In a 1934 radio interview, Anne Goldthwaite characterized the status of women artists by noting that “the best praise that women have been able to command until now is to have it said that she paints like a man. But that women have a valid place as women artists is both obvious and logical. . . . We want to speak to . . . an audience that asks simply—is it good, not—was it done by a woman.” The Alabama painter had come of age during an era when intrepid American women increasingly contested gendered barriers in the art world as well as in the wider socio-political realm. Her participation in these struggles belied her conservative Southern upbringing in Montgomery as the daughter of a former Confederate officer. After her parents’ untimely deaths, Goldthwaite was placed in the care of an aunt who later admonished her charge that “it is better to marry badly than not at all.” Goldthwaite recalled: “I was brought up to believe that matrimony was the desired end of a woman’s life and a woman’s career.” But her life and career would be different. At eighteen, Goldthwaite “came out” in society as a debutante, marking her eligibility as a bride. Having failed to find a husband by twenty-three, however, her family suggested she move to New York to pursue her interest in art.
Goldthwaite arrived in New York around 1898 and, for the next six years, studied at the National Academy of Design. In 1906, she moved to Paris, where she co-founded the Académie Moderne and lived at the American Girl’s Club. A fellow club member introduced her to Gertrude Stein, through whom Goldthwaite was exposed to the works of modernists like Paul Cézanne, Henri Matisse, and Pablo Picasso. Under their influence, the academicism of her earlier work loosened, and her brushwork grew more fluid. Yet Goldthwaite never fully abandoned representation; while she exhibited at the 1913 Armory Show alongside abstract modernist works, her own paintings remained in the realist mode.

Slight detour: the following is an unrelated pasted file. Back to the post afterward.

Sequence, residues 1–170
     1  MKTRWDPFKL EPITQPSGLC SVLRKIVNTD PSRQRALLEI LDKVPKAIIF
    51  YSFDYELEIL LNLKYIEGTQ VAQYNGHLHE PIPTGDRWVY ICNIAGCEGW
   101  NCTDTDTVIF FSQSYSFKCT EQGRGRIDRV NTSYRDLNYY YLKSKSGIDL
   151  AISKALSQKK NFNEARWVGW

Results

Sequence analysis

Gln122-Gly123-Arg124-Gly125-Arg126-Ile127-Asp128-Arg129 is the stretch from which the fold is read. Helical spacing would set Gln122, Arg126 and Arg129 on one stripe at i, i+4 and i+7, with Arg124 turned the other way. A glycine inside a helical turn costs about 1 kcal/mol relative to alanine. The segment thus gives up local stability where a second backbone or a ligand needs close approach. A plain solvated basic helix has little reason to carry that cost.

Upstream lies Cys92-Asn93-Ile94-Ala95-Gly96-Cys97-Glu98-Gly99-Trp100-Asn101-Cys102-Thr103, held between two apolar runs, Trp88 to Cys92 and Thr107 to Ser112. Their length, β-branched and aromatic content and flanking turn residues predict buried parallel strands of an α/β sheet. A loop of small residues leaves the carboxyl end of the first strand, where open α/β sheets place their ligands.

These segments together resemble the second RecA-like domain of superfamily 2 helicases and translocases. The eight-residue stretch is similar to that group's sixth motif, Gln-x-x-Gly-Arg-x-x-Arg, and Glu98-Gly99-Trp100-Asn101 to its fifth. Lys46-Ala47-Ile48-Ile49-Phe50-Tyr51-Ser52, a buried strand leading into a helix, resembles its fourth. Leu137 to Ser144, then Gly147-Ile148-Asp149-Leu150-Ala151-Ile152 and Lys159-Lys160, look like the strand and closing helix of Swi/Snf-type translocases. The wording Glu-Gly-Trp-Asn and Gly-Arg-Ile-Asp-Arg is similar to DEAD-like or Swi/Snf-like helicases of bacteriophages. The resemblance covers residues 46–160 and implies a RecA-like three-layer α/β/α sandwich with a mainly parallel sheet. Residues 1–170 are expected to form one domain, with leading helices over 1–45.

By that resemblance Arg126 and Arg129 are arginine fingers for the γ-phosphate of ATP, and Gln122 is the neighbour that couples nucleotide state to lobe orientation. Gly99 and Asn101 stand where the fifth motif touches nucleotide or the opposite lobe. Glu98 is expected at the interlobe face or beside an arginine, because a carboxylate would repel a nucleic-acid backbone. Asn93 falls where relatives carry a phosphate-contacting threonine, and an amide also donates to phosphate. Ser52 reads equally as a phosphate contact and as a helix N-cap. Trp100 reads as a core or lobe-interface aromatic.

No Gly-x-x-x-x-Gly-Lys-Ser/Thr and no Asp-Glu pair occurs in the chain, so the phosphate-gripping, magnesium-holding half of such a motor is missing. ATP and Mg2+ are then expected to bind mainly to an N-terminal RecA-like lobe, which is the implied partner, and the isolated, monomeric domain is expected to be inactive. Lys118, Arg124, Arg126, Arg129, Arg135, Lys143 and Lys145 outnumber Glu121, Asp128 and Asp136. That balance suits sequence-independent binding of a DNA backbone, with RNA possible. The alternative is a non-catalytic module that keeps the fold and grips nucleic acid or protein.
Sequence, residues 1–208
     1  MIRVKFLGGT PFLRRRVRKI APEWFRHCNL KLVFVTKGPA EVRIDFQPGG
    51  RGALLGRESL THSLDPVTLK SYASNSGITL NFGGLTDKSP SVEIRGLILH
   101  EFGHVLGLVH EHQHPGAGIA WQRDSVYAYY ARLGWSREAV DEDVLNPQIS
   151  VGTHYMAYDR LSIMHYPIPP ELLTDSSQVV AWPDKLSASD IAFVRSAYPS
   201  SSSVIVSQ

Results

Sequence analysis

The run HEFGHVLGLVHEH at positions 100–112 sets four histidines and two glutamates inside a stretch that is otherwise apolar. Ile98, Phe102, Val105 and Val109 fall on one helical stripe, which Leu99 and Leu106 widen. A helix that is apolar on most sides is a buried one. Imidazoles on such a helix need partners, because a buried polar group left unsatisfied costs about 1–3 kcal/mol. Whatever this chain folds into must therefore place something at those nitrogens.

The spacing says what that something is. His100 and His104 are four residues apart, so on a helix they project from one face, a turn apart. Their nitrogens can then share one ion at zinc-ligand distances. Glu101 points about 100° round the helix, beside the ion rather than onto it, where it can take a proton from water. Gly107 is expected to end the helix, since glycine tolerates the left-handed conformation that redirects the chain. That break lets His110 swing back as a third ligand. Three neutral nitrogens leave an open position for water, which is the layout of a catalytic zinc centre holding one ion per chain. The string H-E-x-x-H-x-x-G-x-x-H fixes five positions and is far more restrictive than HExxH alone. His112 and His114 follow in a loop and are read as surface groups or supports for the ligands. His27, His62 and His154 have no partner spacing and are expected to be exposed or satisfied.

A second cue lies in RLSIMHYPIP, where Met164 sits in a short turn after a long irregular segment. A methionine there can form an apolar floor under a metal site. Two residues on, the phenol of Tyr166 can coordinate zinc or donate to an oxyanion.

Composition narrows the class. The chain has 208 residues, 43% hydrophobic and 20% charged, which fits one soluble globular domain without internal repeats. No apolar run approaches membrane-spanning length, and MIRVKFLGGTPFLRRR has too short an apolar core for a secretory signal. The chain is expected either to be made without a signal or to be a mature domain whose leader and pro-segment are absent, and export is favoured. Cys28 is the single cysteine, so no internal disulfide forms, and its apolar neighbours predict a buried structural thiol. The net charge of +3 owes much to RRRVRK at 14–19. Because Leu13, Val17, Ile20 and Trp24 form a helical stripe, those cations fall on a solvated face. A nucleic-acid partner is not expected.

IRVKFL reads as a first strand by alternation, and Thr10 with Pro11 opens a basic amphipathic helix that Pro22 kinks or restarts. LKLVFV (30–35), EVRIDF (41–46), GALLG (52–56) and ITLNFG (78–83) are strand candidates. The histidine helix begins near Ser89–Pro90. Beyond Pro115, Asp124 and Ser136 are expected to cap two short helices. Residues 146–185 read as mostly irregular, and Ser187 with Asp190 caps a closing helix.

On the eve of World War I, Goldthwaite returned to New York, where she would live for the rest of her life. She quickly gained a reputation for portraiture—and for activism. Goldthwaite fought adamantly for the political rights of women, producing the design for a suffrage banner unfurled at a 1916 New York Giants baseball game, and co-organizing the 1915 Exhibition of Painting and Sculpture by Women Artists for the Benefit of the Woman Suffrage Campaign.
In 1922, Goldthwaite became an instructor at the Art Students League, a position she would hold for over twenty years. She also continued to teach during summer sojourns in Alabama, offering advice to students at the Dixie Art Colony. Established near Montgomery by painter John Kelly Fitzpatrick in 1933, this enclave is where Goldthwaite may have met Frances Greene Nix, who is known to have studied with both Goldthwaite and Fitzpatrick. Like Goldthwaite, Nix was a native of Montgomery and a practicing portraitist, and she later served as director of the Montgomery Museum of Fine Arts. Goldthwaite’s likeness of her shows a softly striking woman seated in a space reminiscent of Mary Cassatt’s Impressionist domestic interiors. Nix’s decorous attire, jewelry, and what appears to be a mirror or a watch dangling from her left hand are akin to the feminine accouterments frequently featured in Cassatt’s vignettes, while the limited palette, visibly fluid brushstrokes, and slightly indeterminate spatial relations also evince Goldthwaite’s absorption of Post-Impressionist painterly strategies.